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Thursday, January 2, 2020

Halachic Times (Zmanim)
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Jewish History

Tevet 5 is celebrated as a day of rejoicing in the Chabad-Lubavitch community. On this date in 1987, U.S. Federal Court issued a decision in favor of Agudas Chassidei Chabad ("Union of Chabad Chassidim") regarding the ownership of the priceless library of the 6th Rebbe of Chabad-Lubavitch, Rabbi Yosef Yitzchak Schneersohn. The ruling was based on the idea that a Rebbe is not a private individual but a communal figure synonymous with the body of Chassidim. The Lubavitcher Rebbe (Rabbi Yosef Yitzchak's son-in-law and successor) urged that the occasion be marked with time devoted to study from Torah books ("sefarim") as well as the acquisition of new Torah books.

Learn more about Hey Tevet
Watch: A Movement on Trial
The Rebbe's Library

In 434 BCE, Nebuchadnezzar king of Babylon invaded Judea, exiling King Jehoiachin and thousands of Judean notables to Babylon. Eleven years later, the Nebuchadnezzar’s army invaded Jerusalem again, setting fire to the Temple and massacring its inhabitants. The tragic news reached the Babylonian exiles five months later, on 5 Teves 422 BCE (Ezekiel 33:21). According to a minority opinion, this day is commemorated as a fast day (Talmud, Tractate Rosh Hashanah 18b).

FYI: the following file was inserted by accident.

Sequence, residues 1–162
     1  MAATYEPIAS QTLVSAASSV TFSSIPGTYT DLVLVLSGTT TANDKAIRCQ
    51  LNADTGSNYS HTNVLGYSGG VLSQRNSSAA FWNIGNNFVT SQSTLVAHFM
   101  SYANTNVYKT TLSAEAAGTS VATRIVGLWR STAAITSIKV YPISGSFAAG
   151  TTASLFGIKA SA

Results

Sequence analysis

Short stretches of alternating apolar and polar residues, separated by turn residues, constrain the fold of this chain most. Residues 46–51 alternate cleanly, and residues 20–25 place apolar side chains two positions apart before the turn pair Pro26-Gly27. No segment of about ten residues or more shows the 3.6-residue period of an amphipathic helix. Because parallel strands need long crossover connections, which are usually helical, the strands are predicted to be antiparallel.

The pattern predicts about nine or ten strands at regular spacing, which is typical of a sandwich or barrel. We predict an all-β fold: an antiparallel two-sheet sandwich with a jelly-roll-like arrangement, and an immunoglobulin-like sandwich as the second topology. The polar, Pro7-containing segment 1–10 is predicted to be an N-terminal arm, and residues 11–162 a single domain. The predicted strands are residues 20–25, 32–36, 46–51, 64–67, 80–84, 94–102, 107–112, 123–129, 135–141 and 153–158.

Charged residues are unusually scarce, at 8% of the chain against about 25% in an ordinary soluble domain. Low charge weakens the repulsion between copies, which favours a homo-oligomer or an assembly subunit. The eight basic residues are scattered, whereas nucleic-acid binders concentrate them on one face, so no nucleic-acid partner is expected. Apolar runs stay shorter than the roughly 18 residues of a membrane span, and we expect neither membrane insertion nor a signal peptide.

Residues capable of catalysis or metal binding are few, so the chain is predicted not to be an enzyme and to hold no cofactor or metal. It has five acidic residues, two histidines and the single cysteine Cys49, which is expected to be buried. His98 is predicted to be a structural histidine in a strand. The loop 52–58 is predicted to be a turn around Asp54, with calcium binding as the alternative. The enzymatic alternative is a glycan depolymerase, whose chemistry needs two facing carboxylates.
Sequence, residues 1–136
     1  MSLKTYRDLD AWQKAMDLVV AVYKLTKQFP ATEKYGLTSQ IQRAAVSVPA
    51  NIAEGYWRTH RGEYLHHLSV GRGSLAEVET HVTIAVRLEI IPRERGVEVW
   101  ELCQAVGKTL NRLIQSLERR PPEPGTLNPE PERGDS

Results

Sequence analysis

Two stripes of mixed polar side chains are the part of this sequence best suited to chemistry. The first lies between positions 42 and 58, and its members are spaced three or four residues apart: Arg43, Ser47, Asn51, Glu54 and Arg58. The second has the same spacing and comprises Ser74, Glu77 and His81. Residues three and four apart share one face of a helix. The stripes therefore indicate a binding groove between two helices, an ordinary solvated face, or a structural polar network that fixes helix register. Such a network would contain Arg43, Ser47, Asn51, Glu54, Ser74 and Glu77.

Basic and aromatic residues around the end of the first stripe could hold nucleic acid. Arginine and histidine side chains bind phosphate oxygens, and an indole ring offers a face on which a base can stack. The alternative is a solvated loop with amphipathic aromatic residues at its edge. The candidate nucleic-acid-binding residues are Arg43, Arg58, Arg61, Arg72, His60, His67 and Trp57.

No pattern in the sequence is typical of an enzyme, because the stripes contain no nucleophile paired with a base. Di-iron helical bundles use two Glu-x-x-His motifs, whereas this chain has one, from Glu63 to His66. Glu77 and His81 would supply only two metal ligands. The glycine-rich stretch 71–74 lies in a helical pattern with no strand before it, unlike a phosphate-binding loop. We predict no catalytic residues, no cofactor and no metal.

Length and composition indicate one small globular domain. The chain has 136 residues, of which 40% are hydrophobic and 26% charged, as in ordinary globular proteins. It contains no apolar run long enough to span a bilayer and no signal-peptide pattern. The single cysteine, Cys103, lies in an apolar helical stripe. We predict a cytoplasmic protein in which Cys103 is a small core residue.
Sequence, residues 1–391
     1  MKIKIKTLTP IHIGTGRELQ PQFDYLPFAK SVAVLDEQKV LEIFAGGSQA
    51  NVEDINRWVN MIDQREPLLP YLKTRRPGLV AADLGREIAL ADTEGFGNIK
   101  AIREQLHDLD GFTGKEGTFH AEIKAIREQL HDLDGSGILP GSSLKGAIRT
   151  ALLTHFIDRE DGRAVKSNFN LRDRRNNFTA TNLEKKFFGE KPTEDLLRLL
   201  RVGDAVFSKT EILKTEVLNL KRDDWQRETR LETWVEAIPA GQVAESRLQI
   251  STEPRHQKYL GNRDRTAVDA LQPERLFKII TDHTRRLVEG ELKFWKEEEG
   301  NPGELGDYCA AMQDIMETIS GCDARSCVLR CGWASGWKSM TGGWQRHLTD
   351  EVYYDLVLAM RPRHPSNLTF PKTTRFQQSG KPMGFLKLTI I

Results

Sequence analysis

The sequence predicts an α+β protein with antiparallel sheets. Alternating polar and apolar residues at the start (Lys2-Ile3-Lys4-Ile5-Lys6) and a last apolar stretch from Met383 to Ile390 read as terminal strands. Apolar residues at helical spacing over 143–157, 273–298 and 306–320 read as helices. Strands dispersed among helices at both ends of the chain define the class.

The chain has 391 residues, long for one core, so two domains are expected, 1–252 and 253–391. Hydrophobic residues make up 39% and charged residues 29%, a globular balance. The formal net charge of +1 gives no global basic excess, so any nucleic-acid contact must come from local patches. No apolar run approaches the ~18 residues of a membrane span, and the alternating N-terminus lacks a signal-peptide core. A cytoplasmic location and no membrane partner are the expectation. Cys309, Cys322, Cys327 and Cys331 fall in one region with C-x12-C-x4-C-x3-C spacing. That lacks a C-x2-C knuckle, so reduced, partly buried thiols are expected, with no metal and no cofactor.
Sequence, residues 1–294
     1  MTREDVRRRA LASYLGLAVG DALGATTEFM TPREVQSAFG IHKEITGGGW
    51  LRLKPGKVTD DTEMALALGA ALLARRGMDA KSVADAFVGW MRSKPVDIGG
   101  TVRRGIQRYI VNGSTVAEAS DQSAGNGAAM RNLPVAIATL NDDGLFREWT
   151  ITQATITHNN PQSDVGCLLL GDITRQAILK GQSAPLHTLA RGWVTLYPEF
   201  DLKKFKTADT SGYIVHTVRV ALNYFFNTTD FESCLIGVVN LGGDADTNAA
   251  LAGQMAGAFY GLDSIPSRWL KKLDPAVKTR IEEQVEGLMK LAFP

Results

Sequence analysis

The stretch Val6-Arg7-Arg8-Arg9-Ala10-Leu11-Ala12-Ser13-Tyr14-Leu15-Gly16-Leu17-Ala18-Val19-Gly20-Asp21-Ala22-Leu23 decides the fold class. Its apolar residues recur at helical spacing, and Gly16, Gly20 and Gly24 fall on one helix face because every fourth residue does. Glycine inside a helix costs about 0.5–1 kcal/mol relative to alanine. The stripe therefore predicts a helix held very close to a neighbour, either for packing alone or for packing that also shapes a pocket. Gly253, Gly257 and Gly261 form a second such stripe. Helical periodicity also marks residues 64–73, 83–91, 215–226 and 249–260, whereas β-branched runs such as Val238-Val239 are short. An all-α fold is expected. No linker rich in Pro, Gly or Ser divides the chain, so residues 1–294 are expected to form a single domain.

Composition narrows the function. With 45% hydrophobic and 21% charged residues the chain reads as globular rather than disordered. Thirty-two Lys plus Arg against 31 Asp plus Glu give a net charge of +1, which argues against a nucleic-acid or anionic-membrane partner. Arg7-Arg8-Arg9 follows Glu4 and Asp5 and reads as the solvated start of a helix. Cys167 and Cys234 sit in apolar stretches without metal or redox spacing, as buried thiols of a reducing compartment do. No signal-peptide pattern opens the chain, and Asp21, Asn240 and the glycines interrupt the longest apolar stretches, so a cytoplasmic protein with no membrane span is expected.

Link: The Destruction of the First Holy Temple

Shlomo was raised as a Marrano and served at the royal court in Lisbon, Portugal. When the enigmatic David HaReuveini appeared in Portugal, claiming to hail from the Ten Lost Tribes, Shlomo was inspired to return to Judaism. So as not to be indicted by the Inquisition for abandoning Christianity, R. Shlomo traveled to Salonica, Turkey, and then to Safed, Israel, where he delved into the intricacies of Kabbalah. Sadly, the Inquisition caught up to him and he was given the choice of accepting Christianity or being burned at the stake. R. Shlomo chose the latter, and he was killed in Mantua, Italy, meriting to sanctify G‑d’s name.

Link: Is a Jew Required to Die Rather than Disobey a Torah Command?

Daily Thought

As the world came into being, so did compassion. It may be the most vital element in our world—because it allows everything to keep chugging along while so loosely strung together, enduring so perfectly in its imperfection.

Without compassion, the sages say, our world could not stand. Because with compassion comes forgiveness, and only a world that is allowed to stumble can stand on its own feet.

A world of perfection—a world that follows precisely every dictate from Above—is like a fetus that has never left its womb. In what way is it a world? In what way is it real?

A real world is one whose creatures can pass or can fail, or blunder about until they eventually beat their path to the truth.

“And such a world,” says its Creator, “is worth My compassion and My forgiveness.”